WASHINGTON —Michael Dykes, D.V.M., President and CEO of the International Dairy Foods Association, released the following statement today in support of the U.S. Department of Agriculture’s proposed rule that would maintain flexibility in USDA child nutrition program meal requirements related to milk:
“According to the federal government, American children and adolescents over four years old are not consuming enough dairy to meet federal dietary recommendations. Yet, over the past several years, the varieties of milk that can be offered to kids in school have been reduced. First, whole milk disappeared; then 2%; and then finally 1% flavored milk which kids prefer compared to non-fat flavored milk. As a result, we’re losing a generation of milk drinkers and pushing kids toward less healthy options including soft drinks, juices and/or caffeinated beverages. None of these replacements compare to the nutritional advantages of milk. That’s why IDFA is pleased to see USDA propose changes to bring low-fat flavored milk back to school nutrition programs.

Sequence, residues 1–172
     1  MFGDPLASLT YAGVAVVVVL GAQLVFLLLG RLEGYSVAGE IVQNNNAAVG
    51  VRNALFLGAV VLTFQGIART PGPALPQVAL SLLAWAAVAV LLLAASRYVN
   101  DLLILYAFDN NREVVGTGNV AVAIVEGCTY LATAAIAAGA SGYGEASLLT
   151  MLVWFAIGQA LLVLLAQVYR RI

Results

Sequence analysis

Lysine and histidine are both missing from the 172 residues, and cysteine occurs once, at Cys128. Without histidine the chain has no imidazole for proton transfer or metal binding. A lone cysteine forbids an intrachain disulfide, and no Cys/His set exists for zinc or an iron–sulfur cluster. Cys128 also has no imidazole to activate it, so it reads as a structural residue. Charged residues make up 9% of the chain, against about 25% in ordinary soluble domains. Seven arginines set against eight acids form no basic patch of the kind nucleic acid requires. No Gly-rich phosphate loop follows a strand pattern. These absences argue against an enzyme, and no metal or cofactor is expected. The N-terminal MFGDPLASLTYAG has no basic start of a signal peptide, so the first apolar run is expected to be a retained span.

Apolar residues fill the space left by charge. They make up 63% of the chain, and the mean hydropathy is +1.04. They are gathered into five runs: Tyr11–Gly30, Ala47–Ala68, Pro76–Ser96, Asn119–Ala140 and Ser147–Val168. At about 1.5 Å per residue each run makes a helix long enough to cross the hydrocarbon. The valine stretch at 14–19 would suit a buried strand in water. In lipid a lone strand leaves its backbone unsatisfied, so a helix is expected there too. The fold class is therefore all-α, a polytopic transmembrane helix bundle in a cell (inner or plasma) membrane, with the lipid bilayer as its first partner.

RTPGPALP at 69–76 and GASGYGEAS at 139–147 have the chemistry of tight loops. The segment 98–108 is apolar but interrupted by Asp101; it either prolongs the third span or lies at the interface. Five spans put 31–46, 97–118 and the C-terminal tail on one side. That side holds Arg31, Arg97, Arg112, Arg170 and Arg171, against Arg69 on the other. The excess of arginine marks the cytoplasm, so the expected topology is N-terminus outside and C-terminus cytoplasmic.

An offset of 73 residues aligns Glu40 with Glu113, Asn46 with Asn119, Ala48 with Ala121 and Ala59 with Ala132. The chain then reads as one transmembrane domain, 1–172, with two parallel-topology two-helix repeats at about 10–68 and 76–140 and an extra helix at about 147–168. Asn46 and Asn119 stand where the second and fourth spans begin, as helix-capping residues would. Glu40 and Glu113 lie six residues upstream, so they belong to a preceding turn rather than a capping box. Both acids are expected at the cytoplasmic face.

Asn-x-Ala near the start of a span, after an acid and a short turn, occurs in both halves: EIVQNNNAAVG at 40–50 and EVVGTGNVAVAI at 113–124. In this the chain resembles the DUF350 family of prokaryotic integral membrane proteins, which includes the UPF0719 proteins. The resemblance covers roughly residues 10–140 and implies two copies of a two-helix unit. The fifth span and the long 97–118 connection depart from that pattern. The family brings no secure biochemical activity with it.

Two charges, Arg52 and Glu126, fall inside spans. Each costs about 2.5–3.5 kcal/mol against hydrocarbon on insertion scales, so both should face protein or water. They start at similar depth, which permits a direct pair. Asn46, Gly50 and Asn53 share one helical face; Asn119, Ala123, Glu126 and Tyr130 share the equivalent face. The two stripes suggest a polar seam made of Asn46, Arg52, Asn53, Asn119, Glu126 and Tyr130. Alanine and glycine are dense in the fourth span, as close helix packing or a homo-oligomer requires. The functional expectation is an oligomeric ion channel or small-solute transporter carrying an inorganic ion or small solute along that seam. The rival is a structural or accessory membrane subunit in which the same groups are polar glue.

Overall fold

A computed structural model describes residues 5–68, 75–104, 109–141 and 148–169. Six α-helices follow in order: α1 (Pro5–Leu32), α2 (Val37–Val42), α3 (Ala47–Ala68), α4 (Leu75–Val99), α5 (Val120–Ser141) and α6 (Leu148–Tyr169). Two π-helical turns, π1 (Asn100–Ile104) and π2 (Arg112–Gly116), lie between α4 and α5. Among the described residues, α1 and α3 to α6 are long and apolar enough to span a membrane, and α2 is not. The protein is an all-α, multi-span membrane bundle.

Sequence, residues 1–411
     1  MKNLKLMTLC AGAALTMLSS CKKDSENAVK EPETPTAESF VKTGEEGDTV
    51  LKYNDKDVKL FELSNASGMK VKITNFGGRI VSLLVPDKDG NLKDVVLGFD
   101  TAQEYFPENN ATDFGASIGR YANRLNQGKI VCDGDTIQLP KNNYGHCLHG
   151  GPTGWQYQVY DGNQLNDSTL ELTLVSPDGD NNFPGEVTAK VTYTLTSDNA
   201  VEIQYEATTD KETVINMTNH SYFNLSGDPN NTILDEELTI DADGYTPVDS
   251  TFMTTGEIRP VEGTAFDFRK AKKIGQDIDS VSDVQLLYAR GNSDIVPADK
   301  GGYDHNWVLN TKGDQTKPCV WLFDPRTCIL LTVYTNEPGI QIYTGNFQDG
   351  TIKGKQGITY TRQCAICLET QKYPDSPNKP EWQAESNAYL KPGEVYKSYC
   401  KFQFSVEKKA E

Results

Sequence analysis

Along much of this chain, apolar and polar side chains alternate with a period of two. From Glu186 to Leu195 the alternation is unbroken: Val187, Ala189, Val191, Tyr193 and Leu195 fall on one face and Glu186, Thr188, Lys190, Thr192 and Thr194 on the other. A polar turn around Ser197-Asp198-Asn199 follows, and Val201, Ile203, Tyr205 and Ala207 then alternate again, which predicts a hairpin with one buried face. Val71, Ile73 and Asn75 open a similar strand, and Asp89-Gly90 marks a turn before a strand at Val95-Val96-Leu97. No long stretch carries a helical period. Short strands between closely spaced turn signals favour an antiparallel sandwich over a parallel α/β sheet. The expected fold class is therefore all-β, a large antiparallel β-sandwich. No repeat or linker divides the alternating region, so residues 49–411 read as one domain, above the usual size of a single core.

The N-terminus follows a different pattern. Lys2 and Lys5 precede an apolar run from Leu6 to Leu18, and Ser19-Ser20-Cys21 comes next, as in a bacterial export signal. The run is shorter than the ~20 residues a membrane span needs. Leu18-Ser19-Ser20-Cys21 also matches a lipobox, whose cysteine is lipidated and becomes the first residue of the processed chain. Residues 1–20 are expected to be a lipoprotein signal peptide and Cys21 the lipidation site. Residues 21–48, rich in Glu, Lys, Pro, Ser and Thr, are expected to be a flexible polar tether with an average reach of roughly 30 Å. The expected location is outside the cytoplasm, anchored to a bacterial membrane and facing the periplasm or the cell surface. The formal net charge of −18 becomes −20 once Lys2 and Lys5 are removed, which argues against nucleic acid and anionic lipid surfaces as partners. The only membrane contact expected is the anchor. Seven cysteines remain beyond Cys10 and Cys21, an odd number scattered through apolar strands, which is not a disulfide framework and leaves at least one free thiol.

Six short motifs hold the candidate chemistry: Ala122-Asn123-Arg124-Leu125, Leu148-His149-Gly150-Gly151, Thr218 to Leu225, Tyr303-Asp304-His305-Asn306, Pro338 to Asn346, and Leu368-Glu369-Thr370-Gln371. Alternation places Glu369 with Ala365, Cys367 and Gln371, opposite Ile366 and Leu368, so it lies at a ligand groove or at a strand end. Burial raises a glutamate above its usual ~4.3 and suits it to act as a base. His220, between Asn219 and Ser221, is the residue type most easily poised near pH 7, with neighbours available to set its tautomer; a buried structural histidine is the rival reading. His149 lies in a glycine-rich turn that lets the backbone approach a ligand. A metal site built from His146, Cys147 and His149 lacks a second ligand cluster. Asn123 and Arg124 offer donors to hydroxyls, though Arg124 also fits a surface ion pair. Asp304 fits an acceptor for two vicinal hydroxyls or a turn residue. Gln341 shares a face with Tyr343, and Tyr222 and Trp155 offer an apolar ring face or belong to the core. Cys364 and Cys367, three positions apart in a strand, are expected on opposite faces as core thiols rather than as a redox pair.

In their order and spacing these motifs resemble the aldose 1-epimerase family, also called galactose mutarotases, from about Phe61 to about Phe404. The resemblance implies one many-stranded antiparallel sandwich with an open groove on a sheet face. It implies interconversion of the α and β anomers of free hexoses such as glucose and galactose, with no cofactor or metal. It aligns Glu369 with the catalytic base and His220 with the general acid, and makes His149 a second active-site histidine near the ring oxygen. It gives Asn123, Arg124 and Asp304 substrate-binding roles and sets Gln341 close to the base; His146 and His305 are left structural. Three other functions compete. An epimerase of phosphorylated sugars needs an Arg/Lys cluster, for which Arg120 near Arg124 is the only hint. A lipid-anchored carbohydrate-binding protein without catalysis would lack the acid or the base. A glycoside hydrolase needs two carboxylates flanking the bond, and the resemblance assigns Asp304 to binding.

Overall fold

“It has been proven time and again in schools across the country that when schools offer flavored milks, kids not only drink more milk—they are more likely to participate in the school meal programs and waste less food, acquiring more vitamins and nutrients. In fact, about 73 percent of the calcium available in the food supply is provided by milk and milk products. Milk is the top source of calcium, potassium, phosphorus, and vitamin D in the diet of children 2-18 years. It’s clear that low-fat flavored milk is highly nutritious, offering vitamins and minerals all kids need and most kids lack.”